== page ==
Bloomberg News

Asian Currencies Strengthen on Growth Outlook, Europe Optimism

October 25, 2011

Oct. 25 (Bloomberg) -- Asian currencies climbed to a one- month high after Chinese manufacturing data brightened the regional export outlook and on speculation Europe will contain its debt crisis, cooling demand for the safety of dollars.

India’s rupee extended a rebound from a 30-month low after the central bank raised interest rates for the seventh time in 2011 and South Korea’s won rose to a five-week high. China’s manufacturing may expand this month for the first time since June, a preliminary index released by HSBC Holdings Plc and Markit Economics yesterday showed. Europe’s leaders will meet tomorrow for the second time in four days to discuss solutions to the region’s debt problems.

“Risk appetite is coming back into Asian currencies on hopes for a comprehensive resolution at the European summit,” said Choong Yin Pheng, manager for economic and fixed-income research at Hong Leong Bank Bhd. in Kuala Lumpur. “The greenback is battered down in the short term.”

The won strengthened 0.5 percent to 1,129.16 per dollar at the close in Seoul, according to data compiled by Bloomberg. The rupee rallied for a second day, gaining 0.4 percent to 49.655 and Malaysia’s ringgit rose 0.2 percent to 3.1278.

The Bloomberg-JPMorgan Asia Dollar Index, which tracks the region’s 10 most-active currencies excluding the yen, rose 0.2 percent, set for the highest close since Sept. 19. Overseas investors bought $689 million more Taiwanese, South Korean and Indonesian stocks than they sold yesterday, according to stock exchange data.

The European Financial Stability Facility can be bolstered under two models that may be combined and implemented “quickly,” according to a document provided to German lawmakers yesterday.

Korean Won

The won strengthened for a second day. Minutes of the Bank of Korea’s Sept. 8 meeting showed two of six board members opposed the decision to hold the benchmark rate, calling for an increase to 3.5 percent from 3.25 percent.

A Commerce Department report on Oct. 27 will show the U.S. economy expanded 2.5 percent in the three months ended Sept. 30, the most in four quarters, according to a Bloomberg survey. The Federal Reserve may embark on another round of bond buying that increases the supply of dollars to support growth if warranted, Vice Chairman Janet Yellen said on Oct. 21.

“There has been some talk of quantitative easing in the U.S., which stoked speculation of fund inflows into Asia again,” said Daisuke Uno, Tokyo-based chief strategist at Sumitomo Mitsui Banking Corp. “That will boost emerging-market currencies.”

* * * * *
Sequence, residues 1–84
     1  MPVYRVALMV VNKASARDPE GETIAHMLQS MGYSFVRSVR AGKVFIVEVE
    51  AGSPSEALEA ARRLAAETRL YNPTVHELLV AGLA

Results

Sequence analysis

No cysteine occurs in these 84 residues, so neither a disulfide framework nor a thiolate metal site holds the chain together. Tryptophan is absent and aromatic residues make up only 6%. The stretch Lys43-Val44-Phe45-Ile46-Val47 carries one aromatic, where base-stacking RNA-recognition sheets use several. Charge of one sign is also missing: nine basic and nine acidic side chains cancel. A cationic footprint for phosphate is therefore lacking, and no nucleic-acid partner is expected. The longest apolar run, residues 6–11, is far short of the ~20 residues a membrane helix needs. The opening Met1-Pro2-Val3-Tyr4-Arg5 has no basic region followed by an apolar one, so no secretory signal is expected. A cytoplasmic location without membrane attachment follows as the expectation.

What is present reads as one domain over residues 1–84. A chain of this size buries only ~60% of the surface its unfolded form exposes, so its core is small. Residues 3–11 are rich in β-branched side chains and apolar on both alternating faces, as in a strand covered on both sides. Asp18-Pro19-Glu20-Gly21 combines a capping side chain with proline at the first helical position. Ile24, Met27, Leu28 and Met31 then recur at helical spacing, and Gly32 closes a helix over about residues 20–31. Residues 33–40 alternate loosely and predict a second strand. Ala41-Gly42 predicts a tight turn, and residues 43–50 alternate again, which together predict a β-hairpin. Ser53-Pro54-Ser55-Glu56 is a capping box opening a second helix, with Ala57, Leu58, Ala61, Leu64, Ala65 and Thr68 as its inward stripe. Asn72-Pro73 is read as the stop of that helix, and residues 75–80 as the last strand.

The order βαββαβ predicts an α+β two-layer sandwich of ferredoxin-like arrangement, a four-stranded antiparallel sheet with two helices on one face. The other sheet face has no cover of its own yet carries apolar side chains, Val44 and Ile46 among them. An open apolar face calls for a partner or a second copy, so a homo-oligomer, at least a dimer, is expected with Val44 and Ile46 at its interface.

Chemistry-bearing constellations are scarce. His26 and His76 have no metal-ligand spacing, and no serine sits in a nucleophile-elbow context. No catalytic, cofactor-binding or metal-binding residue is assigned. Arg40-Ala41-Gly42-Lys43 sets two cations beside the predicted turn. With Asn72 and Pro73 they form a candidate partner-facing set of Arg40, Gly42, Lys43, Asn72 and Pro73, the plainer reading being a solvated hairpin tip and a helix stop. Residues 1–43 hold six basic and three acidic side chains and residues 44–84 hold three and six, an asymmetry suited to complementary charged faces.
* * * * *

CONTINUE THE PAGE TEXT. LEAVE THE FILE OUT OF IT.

India, Singapore

India’s rupee was set for the biggest two-day gain since Oct. 10. The Reserve Bank of India boosted the repurchase rate to 8.5 percent from 8.25 percent, saying the likelihood of a rate action in the next review in December “is relatively low.” Today’s move was predicted by 18 of 28 economists in a Bloomberg News survey, with the rest calling for no change.

“The damage that rate increases are starting to inflict on the economy is getting larger,” said Sanjay Mathur, head of research and strategy for non-Japan Asia at Royal Bank of Scotland Group Plc. Pausing to assess the impact of past rate additions “is a very appropriate stance.”

Singapore’s dollar climbed 0.6 percent to S$1.2628 as a government report showed industrial production rose 12.8 percent in September from a year earlier, compared with the median forecast of economists in a Bloomberg survey for an 8.2 percent gain. Output jumped 22.8 percent in August.

Yuan Fixing

The yuan strengthened 0.24 percent to 6.3604 per dollar in Shanghai, the the biggest advance in two weeks. The central bank fixed its reference rate 0.2 percent stronger to a record 6.3425, spurring speculation policy makers are favoring currency gains to tame inflation.

“Today’s fixing shows they are maintaining gradual appreciation to help contain inflation,” said Kenix Lai, a Hong Kong-based foreign-exchange analyst at Bank of East Asia Ltd.

Elsewhere, Taiwan’s dollar was little changed at NT$30.125 per dollar and the Philippine peso gained 0.3 percent to 43.138. Indonesia’s rupiah weakened 0.2 percent to 8,855 and Thailand’s baht climbed 0.5 percent from Oct. 21 to 30.86.

--With assistance from Jiyeun Lee in Seoul, Yumi Teso in Bangkok, Andrea Wong in Taipei and Kyoungwha Kim in Beijing. Editors: Andrew Janes, Anil Varma

To contact the reporter on this story: David Yong in Singapore at dyong@bloomberg.net

To contact the editor responsible for this story: Sandy Hendry at shendry@bloomberg.net


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